U.S. economists win Nobel for applying match-making
STOCKHOLM (Reuters) - Life-saving kidney exchanges and ways for schools to select students are just two practical applications of the market-matching theories for which U.S. economists Alvin Roth and Lloyd Shapley won the Nobel prize for economics on Monday.
Pairing up employers with job seekers - for instance doctors and lawyers taking up their first appointments - are other examples of how Roth, 60, and Shapley, 89, have separately applied game theory to daily life.
The Royal Swedish Academy of Sciences, which awards the 8 million crown ($1.2 million) prize, called their work an outstanding example of economic engineering.
Roth and other economists who study market design are exploring how matching procedures can be improved to produce better results for all concerned.
Speaking to Reuters from California, Roth gave the example of Stanford, his alma mater, to which he recently returned after a long spell at Harvard.
Stanford competes for students with the likes of Harvard and Princeton, and who applies and is admitted does not depend solely on price. Stanford keeps its tuition costs low enough to attract plenty of applicants and selects among them.
"So there is choice going on, on both sides. It's a little like getting married. Taking a job is like this too," Roth said.
"And it turns out that, to some extent, getting an organ for transplantation is a little like it. So there are a lot of things that you get in life that you can't just choose. You also have to be chosen. And that's what we study. We study matching."
MATCHING MARKETS, SAVING LIVES
Roth, in a series of empirical studies, built on separate work done much earlier by Shapley, an emeritus professor at the University of California Los Angeles, who had used game theory to compare various matching methods and make sure the matches were acceptable to all counterparts.
Roth seized on a 1962 study by Shapely and David Gale, now deceased, that proved the "possibility of making stable matchings between men and women so no one wants to run off with another partner," as Jonathan Levin, dean of the economics department at Stanford, put it on Monday.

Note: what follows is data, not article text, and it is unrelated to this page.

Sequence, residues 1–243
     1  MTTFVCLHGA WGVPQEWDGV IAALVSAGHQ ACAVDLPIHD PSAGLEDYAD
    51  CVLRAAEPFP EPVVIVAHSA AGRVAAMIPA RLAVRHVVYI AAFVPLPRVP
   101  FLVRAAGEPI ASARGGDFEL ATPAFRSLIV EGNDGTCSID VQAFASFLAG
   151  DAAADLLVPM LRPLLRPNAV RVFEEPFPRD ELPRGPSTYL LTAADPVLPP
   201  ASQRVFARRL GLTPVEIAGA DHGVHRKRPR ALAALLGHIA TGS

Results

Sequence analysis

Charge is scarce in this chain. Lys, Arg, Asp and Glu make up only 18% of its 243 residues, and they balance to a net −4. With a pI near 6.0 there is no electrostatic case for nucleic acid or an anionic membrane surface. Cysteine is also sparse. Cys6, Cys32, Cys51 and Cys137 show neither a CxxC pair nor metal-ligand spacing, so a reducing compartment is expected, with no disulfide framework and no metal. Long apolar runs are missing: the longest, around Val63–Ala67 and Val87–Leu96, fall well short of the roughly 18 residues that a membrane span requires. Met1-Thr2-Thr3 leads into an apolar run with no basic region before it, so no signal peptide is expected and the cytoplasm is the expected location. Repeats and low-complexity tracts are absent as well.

Roth, who was sleeping when Stockholm telephoned and missed the first call to inform him of his prize, described his work as studying "courtship" of many kinds.
"You can't just have what you want; you also have to do some courtship and there is courtship on both sides and we study the marketplace processes by which those types of courtship are resolved."
Roth explained later at a news conference in Stanford that algorithms, the formulas used to resolve a problem, help organize and process people's preferences.
"But the things that go into those preferences, we often have very little to say about that, and that's where hunches come in," he said.
The economics prize, officially called the Sveriges Riksbank Prize in Economic Sciences in Memory of Alfred Nobel, was established by Sweden's central bank in 1968. It was not part of the original group of awards, for sciences and promoting peace, that was set out in the 1895 will of Nobel, who invented dynamite.
"This is very much what economics is about," said Tore Ellingsen, a Nobel committee member and a professor at the Stockholm School of Economics. "How to allocate scarce resources as well as possible, to economize."
Roth has applied market design theory to the public schools admissions process in New York and Boston.
He is also a co-founder of the New England Program for Kidney Exchange, www.nepke.org, which draws on his work on matching markets to bring together pairs of compatible kidney donors and recipients.
"Here is an economic theorist who hasn't just made things more efficient. He has actually saved lives. It is unclear whether it is the economics Nobel he deserved or the Nobel prize for medicine," Joshua Gans, a professor of strategic management at the University of Toronto, wrote on www.digitopoly.org.
(Additional reporting by Patrick Lannin and Niklas Pollard in Stockholm and Edward Krudy and Ros Krasny in Boston; Writing by Alan Wheatley; Editing by Alastair Macdonald, Dan Grebler and Carol Bishopric)